[FPSPACE] Soyuz slow roll and balistic reentry
geert at navtools.nl
Mon Apr 2 03:38:09 EDT 2007
no, sorry, my reference to 'horizontal' might have been a bit confusing, the
capsule is landing suspended from two parachute-lines with its soft landing
engines pointing streight down, the cosmonauts are then lying in a more or less
horizontal position. This is standard for all landings and not depending on
whether or not a ballistic reentry has been made.
Earlier in the landing phase the capsule is only suspended from one main
parachute line and hanging under an angle.
What I was trying to get a clear picture on is how critical those attitude jets
on the DM actually are. Note Soyuz only has roll-jets (no pitch or yaw), the
headlight shape together with the position of the centre of gravity take care
for aerodynamic stability and it will turn 'blunt end forward' independent of
any action from its attitude control jets (this unlike f.i. Apollo). Due to the
offset centre of gravity it can use a lifting-reentry and the lift force can be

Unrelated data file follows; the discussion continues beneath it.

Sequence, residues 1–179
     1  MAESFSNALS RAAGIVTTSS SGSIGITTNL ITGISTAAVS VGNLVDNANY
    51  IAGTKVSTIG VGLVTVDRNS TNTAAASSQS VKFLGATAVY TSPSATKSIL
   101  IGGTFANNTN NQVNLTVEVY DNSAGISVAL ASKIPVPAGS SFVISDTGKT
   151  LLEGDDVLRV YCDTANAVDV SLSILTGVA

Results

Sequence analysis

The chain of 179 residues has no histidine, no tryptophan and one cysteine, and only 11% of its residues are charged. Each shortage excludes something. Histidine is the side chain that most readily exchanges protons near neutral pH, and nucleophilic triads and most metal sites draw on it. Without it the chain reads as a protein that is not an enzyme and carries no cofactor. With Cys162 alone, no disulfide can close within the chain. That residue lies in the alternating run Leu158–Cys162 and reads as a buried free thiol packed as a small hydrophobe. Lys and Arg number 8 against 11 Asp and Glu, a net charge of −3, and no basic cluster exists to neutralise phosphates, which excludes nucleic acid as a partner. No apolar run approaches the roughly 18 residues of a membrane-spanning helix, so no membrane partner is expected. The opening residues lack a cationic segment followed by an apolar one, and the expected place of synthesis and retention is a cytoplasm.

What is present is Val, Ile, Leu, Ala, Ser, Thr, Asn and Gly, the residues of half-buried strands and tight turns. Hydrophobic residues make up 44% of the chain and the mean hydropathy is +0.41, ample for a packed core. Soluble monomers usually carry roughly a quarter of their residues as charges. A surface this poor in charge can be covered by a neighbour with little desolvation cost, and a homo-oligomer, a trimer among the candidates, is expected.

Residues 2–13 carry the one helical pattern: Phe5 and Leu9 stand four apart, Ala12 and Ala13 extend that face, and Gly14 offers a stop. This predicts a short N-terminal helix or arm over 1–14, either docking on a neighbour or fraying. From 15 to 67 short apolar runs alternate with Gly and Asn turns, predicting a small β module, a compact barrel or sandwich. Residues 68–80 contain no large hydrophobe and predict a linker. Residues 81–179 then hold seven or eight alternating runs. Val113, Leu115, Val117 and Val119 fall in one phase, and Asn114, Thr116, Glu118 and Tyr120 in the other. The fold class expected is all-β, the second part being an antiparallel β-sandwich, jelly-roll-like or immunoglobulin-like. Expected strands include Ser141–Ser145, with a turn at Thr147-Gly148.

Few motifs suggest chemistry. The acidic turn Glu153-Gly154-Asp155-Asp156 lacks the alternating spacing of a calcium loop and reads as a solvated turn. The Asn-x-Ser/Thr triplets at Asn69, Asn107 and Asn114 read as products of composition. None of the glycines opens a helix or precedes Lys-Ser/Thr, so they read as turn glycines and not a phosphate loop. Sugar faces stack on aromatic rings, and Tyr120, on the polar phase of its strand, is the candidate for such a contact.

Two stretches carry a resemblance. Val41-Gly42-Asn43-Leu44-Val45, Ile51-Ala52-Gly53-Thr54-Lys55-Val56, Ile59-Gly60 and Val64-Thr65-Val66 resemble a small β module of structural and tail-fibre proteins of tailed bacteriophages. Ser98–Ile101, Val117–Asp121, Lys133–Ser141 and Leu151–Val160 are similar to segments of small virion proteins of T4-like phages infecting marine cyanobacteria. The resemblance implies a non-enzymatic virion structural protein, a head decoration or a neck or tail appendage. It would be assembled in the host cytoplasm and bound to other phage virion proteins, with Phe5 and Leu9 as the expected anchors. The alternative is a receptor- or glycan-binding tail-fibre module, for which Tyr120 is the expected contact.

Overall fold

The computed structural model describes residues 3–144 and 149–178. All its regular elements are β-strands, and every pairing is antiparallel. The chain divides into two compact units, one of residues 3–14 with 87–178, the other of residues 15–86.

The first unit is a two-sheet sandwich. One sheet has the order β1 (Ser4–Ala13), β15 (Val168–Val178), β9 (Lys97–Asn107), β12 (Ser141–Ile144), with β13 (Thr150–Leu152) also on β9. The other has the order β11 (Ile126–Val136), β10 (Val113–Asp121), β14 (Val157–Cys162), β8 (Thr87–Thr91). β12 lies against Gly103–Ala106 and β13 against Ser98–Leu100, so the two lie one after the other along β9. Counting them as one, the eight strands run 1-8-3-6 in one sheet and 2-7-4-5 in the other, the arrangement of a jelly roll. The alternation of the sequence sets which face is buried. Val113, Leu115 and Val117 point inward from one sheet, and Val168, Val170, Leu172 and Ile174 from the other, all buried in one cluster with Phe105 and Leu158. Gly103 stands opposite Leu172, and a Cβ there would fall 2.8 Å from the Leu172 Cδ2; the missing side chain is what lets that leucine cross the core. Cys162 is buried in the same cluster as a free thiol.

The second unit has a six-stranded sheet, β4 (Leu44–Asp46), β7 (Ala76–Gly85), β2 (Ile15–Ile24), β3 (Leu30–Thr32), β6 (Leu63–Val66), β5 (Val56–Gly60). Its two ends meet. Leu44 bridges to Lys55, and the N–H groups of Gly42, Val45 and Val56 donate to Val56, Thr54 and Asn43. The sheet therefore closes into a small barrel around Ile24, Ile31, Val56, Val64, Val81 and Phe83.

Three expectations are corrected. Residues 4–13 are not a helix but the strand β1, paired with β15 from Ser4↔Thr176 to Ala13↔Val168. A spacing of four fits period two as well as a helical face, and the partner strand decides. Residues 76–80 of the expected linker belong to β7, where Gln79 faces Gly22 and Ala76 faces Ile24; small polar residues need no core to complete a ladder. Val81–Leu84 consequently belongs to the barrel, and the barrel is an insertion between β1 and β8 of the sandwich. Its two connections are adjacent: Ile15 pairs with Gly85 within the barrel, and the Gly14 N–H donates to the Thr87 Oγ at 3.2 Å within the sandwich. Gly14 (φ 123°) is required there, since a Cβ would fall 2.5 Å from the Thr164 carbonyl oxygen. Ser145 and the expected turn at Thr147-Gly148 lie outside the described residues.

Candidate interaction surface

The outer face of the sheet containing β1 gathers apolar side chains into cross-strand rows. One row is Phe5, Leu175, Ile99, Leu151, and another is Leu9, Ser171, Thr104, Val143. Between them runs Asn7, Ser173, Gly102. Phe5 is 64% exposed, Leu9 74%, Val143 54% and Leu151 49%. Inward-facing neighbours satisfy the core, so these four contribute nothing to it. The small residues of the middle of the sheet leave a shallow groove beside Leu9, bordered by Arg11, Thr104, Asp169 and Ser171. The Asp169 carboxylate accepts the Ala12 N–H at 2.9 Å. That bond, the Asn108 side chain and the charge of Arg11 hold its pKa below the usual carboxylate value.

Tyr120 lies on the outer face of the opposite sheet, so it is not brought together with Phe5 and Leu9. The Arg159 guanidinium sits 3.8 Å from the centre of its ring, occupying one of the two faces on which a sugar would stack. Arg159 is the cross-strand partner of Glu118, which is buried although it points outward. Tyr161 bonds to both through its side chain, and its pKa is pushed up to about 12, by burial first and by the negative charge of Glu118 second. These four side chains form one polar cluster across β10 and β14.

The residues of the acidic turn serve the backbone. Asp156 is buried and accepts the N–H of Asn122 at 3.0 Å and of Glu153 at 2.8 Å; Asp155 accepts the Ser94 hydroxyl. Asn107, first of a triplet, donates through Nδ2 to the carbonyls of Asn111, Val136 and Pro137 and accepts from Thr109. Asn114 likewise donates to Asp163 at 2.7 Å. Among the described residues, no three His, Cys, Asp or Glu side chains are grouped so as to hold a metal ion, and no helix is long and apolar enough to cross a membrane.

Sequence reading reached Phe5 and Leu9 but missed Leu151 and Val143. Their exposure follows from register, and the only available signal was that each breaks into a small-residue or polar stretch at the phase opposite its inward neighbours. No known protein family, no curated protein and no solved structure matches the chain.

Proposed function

varied by rolling the capsule, it will need the attitude roll-jets for this.
However, if there is some problem a ballistic reentry can be selected by placing
the DM in a slow roll (canceling out the lifting foreces). Basically, once the
capsule is rolling you won't need any attitude control system anymore, although
the landing will be somewhat rough which a lot higher G-forces. But you need to
put the capsule in a roll first to make this work, and possibly you need to
stop the roll before opening the main parachute. So how is this done, are the
jets of the DM still required to place the capsule in a roll on a ballistic
reentry or is there some other method which takes care of this? Would Soyuz be
able to make a safe landing if the attitude control jets are completely
inoperable from the very start?
David Anderman wrote:
> Are you stating that for ballistic re-entries, the capsule is to land
> in this horizontal attitude?
At 05:30 AM 3/31/2007, Geert Sassen wrote:
> >During the last phase of
> >the landing the parachute changes from single point suspension
> >(capsule hanging
> >under a slight angle from one main parachute line) to double point
> >(capsule hanging horizontal from two main parachute lines).
geert at navtools.nl
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